Bond Markets Put the Squeeze on Putin
Policy + Politics

Bond Markets Put the Squeeze on Putin

REUTERS/Alexander Demianchuk

In the worst moments of the U.S. debt ceiling crisis in 2011, then-Treasury Secretary Tim Geithner warned lawmakers that if markets lost confidence in the ability of the U.S. to pay its debts, the Treasury might one day have to withdraw a scheduled bond sale because of a lack of buyers. A last minute deal to lift the federal borrowing limit meant failed bond sales remained only in Geithner’s nightmares, but it’s a scenario his counterpart in Russia, Finance Minister Anton Siluanov, is now dealing with in reality.

For the seventh time in two months, according to Bloomberg, the Russian Finance Ministry was forced to withdraw its offer to sell bonds denominated in rubles on the open market. In a press release on the Ministry’s website, the reason given for the withdrawal was that “investors’ requested price target levels not reflecting adequately the credit quality of the bonds offered.”

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Translated into non-jargon, that means that investors were demanding such high interest rates in order to buy Russian bonds that the government decided it wasn’t worth the cost.

Bond pricing is about as straight-up a gauge of market confidence as there is. Bond yields, meaning the interest rate bondholders receive on the money they have paid the issuer, are high when buyers see a significant risk that they won’t get their investment back. They are low when investors see little risk.

For example, U.S. Treasuries are about the closest thing the market sees to a risk-free asset. At times, the U.S. government has been able to borrow at rates below the rate of inflation, because investors see the U.S. Treasury as the ultimate safe haven.

The issue with the market’s perception of Russian bonds is a little more complicated than simple worries about repayment. The bonds are denominated in Russian rubles, and the Russian government prints rubles, so the likelihood of actual default is extremely small. The problem is that investors are worried that in five or nine years (the maturities of the two offerings withdrawn today) the rubles they get back might not be worth very much.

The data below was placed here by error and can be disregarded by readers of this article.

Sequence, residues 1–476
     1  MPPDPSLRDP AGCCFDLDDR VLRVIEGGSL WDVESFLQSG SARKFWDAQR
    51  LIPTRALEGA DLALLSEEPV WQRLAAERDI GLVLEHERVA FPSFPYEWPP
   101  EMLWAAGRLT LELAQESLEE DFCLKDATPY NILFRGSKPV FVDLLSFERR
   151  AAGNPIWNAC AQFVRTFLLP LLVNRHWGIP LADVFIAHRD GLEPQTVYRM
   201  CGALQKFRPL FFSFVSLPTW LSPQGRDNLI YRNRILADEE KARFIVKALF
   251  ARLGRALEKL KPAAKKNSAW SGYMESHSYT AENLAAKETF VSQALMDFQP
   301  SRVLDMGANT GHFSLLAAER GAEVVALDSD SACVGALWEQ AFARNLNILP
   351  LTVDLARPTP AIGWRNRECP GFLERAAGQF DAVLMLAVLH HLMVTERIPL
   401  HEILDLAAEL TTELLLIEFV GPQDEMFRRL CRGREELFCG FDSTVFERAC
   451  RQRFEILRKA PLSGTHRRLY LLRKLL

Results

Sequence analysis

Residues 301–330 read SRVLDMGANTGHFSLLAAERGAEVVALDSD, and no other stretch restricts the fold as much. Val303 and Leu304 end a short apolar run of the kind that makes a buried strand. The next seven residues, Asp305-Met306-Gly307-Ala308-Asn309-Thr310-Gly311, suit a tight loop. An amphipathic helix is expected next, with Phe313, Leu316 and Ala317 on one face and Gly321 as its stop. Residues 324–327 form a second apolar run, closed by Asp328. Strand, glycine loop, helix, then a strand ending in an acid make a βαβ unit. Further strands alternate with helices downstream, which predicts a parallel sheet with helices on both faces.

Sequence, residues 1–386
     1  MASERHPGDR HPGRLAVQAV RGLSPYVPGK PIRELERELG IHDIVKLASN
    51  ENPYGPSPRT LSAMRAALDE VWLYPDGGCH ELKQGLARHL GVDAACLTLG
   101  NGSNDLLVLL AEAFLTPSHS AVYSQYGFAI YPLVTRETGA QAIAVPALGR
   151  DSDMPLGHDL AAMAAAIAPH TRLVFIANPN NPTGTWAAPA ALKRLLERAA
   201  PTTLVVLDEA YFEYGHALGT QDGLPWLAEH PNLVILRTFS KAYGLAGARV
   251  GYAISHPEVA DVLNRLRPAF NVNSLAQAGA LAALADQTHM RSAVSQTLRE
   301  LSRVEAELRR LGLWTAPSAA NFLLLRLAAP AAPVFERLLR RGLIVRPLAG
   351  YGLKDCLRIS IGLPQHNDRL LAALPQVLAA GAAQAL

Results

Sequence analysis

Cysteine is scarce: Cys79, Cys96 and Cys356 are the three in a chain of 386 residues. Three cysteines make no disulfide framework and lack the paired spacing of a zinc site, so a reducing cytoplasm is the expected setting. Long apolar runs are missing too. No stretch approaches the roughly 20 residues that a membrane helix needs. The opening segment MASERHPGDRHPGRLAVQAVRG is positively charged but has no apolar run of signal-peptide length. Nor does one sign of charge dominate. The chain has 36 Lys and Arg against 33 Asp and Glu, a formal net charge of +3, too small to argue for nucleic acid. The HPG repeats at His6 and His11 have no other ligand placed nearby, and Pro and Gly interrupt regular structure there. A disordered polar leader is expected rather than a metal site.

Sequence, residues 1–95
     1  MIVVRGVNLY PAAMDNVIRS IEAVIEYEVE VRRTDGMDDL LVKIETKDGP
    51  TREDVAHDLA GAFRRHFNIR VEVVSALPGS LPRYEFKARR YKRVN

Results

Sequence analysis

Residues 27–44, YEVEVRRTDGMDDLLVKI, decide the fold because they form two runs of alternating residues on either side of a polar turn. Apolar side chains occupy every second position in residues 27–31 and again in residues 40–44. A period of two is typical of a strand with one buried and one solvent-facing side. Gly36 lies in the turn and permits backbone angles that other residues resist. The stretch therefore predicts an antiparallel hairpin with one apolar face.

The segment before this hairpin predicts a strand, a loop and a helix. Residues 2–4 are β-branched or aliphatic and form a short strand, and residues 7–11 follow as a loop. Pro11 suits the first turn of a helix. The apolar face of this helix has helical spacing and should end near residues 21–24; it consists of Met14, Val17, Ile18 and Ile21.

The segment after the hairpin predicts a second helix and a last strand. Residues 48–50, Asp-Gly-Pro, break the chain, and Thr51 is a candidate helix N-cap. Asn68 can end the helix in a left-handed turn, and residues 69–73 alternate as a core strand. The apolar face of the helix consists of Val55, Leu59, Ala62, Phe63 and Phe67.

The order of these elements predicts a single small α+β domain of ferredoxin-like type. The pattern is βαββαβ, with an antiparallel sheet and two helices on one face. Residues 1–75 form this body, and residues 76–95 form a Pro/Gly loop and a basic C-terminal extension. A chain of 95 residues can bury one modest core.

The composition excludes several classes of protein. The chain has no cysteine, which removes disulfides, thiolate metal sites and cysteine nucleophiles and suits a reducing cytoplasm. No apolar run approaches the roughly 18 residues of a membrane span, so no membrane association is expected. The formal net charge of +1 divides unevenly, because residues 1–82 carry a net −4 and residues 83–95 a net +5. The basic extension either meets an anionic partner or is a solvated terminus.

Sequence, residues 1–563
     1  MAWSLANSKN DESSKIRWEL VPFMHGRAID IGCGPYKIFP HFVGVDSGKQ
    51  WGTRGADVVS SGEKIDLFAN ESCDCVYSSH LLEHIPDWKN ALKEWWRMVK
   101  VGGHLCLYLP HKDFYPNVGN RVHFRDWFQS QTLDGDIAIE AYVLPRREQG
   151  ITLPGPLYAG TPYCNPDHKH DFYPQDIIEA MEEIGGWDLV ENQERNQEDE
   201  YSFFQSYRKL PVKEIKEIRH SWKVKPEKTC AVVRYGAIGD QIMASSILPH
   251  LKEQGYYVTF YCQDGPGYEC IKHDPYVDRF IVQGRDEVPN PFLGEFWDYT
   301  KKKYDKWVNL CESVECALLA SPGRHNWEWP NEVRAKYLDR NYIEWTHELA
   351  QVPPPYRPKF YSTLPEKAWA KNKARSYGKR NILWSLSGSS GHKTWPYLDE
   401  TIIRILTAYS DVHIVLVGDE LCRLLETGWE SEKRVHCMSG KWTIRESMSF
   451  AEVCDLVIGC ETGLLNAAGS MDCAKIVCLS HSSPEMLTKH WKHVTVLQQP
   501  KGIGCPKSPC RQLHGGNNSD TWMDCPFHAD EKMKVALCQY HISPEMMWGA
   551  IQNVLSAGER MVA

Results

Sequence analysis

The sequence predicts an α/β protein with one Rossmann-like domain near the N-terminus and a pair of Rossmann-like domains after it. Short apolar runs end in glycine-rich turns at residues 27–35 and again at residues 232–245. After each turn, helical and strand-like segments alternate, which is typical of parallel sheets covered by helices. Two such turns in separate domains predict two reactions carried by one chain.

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In January, for example, it cost about 33 rubles to buy one U.S. dollar. Since the crisis in the Ukraine began, the cost has spiked to as high as 36.6 rubles, and now sits at about 35.6. Further sanctions on Russia would likely weaken the ruble further, meaning that investors in Russian bonds might be looking at the possibility of being repaid in a currency with much less buying power than when the bond was first purchased.

The concern about the value of the ruble can be traced directly to the current situation in Ukraine. Russia has already invaded and annexed Ukraine’s Crimean peninsula. It also has tens of thousands of troops positioned just across the border from eastern Ukraine, where separatists are now in conflict with the central government in Kiev. Russian leaders have warned publicly that they may decide to intervene in eastern Ukraine — with little doubt that any such “intervention” would be, in effect, a military invasion.

Currency devaluation isn’t the only danger investors in the ruble might be concerned about. Another is the “headline risk” associated with a country that may be on the brink of war. Russian bonds purchased today might be worth significantly less on the secondary market if Russia were to invade Ukraine next week. Some investors might prefer not to be seen as supporting Russia by buying its bonds. Both factors would cause reasonable investors to, at minimum, demand a significant risk premium.

Russia has already been slapped with sanctions by the international community, particularly the United States, and has been warned that more sanctions are on the table should it try to take over more Ukrainian territory.

Related: With Ukraine on the Brink, the West Plays the Long Game

Wednesday’s withdrawal of two bond offerings leaves Russian President Vladimir Putin and his government in a tough spot. Access to credit is essential to any modern government, for rolling over existing debt, financing new or unexpected costs and fulfilling numerous other needs.

Russia could offer to sell bonds denominated in another currency, like the dollar or the Euro, but in addition to being embarrassing, that would expose the Russian government to foreign exchange risk that wouldn’t come with borrowing in rubles. Alternatively, Russia could dip into its sovereign wealth funds, or try to increase income from oil and gas exports.

Obviously, none of these options are as appealing for the Russian government, but getting stiff-armed by the international bond market may leave Putin and his allies little choice.

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